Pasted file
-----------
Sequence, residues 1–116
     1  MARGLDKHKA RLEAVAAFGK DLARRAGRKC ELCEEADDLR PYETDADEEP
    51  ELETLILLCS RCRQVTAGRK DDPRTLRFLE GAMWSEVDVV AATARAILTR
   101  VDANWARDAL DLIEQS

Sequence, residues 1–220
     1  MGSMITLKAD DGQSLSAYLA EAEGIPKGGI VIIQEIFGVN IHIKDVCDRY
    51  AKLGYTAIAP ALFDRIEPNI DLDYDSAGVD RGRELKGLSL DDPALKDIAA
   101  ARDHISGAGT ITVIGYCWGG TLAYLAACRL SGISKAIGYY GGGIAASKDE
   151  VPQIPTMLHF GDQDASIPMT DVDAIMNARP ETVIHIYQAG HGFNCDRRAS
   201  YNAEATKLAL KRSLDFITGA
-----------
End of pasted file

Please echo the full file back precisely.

Sequence, residues 1–116
     1  MARGLDKHKA RLEAVAAFGK DLARRAGRKC ELCEEADDLR PYETDADEEP
    51  ELETLILLCS RCRQVTAGRK DDPRTLRFLE GAMWSEVDVV AATARAILTR
   101  VDANWARDAL DLIEQS

Sequence, residues 1–220
     1  MGSMITLKAD DGQSLSAYLA EAEGIPKGGI VIIQEIFGVN IHIKDVCDRY
    51  AKLGYTAIAP ALFDRIEPNI DLDYDSAGVD RGRELKGLSL DDPALKDIAA
   101  ARDHISGAGT ITVIGYCWGG TLAYLAACRL SGISKAIGYY GGGIAASKDE
   151  VPQIPTMLHF GDQDASIPMT DVDAIMNARP ETVIHIYQAG HGFNCDRRAS
   201  YNAEATKLAL KRSLDFITGA